Please ensure Javascript is enabled for purposes of website accessibility

2009: End of the Road for Pensions?

By Dan Caplinger - Updated Apr 5, 2017 at 8:00PM

You’re reading a free article with opinions that may differ from The Motley Fool’s Premium Investing Services. Become a Motley Fool member today to get instant access to our top analyst recommendations, in-depth research, investing resources, and more. Learn More

For companies, they're only getting more expensive.

For years, workers have seen their pension coverage at work get scaled back in favor of alternatives like 401(k) plans. But the final nail in the coffin for pensions may come from 2008's terrible stock market performance.

According to Barron's, a recent report from Credit Suisse asserts that more than 100 companies in the S&P 500 face pension shortfalls, which could result in a significant hit to their earnings during 2009. New pension funding requirements taking effect at the beginning of the year will require higher funding levels, even as pension funds' stock investments have lost a huge portion of their value.

Pension mechanics and you
For workers, one of the advantages of pension plans is your certainty about what you'll receive. Using whatever formula your employer uses, you can make assumptions about your future earnings and determine what your monthly payment should be. When the time comes to start getting payments, it's up to your pension plan to figure out how to come up with your money.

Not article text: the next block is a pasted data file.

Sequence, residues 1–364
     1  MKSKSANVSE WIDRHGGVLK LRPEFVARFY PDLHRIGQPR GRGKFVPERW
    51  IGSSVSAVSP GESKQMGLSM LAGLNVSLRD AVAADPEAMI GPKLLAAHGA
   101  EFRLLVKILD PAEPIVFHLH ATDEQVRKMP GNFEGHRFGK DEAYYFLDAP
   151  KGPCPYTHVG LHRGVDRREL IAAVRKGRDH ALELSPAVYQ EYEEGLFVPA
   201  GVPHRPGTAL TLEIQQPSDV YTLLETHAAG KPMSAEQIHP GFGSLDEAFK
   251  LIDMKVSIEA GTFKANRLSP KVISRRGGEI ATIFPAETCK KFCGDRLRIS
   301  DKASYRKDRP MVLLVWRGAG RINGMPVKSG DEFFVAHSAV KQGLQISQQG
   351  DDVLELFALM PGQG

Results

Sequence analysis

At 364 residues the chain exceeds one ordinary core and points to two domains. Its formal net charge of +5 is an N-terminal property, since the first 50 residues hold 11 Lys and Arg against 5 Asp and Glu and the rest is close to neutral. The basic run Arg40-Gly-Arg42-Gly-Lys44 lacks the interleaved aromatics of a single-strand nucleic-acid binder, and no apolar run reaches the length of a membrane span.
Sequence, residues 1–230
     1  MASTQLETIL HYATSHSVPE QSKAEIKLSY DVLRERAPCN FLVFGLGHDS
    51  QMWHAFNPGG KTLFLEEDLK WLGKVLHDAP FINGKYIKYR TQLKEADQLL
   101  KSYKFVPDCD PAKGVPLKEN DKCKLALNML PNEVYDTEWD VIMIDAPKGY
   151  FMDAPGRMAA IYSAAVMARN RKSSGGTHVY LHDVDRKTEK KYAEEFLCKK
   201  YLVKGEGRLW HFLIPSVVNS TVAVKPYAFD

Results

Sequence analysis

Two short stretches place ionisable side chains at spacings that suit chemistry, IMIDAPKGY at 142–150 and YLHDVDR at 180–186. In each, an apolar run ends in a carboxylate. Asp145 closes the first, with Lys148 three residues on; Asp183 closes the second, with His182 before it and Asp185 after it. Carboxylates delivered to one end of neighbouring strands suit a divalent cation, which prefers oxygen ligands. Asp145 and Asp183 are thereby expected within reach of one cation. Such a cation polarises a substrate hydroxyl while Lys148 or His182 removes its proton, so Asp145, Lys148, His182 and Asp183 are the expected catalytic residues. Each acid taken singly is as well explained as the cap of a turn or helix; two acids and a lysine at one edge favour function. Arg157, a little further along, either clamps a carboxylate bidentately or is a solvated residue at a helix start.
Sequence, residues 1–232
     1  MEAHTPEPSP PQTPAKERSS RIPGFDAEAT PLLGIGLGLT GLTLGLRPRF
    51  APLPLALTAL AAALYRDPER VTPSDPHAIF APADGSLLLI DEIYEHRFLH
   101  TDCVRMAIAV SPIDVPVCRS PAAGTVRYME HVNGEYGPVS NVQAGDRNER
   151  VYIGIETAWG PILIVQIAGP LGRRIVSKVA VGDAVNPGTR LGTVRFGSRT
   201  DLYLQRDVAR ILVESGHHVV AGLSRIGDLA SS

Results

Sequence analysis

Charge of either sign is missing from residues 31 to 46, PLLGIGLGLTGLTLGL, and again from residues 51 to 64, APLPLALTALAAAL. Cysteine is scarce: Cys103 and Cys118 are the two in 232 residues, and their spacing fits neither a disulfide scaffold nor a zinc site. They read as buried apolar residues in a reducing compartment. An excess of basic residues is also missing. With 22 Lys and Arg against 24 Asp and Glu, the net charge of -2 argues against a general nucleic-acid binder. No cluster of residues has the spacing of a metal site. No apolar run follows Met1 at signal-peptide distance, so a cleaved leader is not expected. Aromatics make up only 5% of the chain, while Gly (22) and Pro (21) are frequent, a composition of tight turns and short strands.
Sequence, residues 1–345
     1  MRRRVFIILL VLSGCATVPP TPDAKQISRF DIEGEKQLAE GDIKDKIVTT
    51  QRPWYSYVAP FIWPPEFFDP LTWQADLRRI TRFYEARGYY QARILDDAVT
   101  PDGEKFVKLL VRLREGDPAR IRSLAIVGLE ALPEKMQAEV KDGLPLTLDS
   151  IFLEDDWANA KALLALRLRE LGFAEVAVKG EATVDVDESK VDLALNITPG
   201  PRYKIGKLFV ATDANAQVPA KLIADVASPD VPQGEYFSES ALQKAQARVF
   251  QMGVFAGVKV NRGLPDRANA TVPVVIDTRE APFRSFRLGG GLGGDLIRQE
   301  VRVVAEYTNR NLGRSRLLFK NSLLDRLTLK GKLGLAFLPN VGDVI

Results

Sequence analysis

From the employer's perspective, obviously, operating a pension plan takes more work. With workers of all ages often included within a single plan, plan administrators must figure out how much they need to set aside and invest now to cover current and future pension liability.

With new tougher requirements for funding, many companies will need to make up shortfalls. To do so, the company must take charges on earnings -- something no one wants to do, and which companies like United Parcel Service (NYSE:UPS) and Pfizer (NYSE:PFE) are trying to fight by seeking government intervention.

The magnitude of those charges worries some investors. Consider some of the companies affected:

Company

Estimated 2009 EPS Charge

Trailing-12- Month EPS

Northrup Grumman (NYSE:NOC)

$1.74

$5.00

Goodyear Tire (NYSE:GT)

$1.17

$1.26

PPG Industries (NYSE:PPG)

$0.83

$4.03

Source: Barron's, Yahoo! Finance.

Some of these charges look relatively small compared to a typical year's earnings. But coming on the heels of a slowing economy, which will already challenge year-over-year comparisons for many firms, the additional earnings hit from pension-related charges is the last thing anyone wants to deal with.

On the other hand, there are some relatively healthy pension plans out there. Somewhat surprisingly, General Motors (NYSE:GM) is among them; its estimated 96% funding level for its pension puts it above the threshold for immediate funding requirements. Despite facing an $11.7 billion deficit, ExxonMobil (NYSE:XOM) also has the cash on hand necessary to strengthen its plan to required levels.

The beginning of a trend?
Yet the hard times may not be over for pension funds. The credit crunch has pushed corporate bond interest rates upward, even as yields on safer Treasury bonds have fallen to historically low levels. Pension funds can use the higher corporate bond rates to more heavily discount the future value of the liabilities they owe to future pension recipients, thereby partly reducing the amount of assets needed to meet current funding requirements.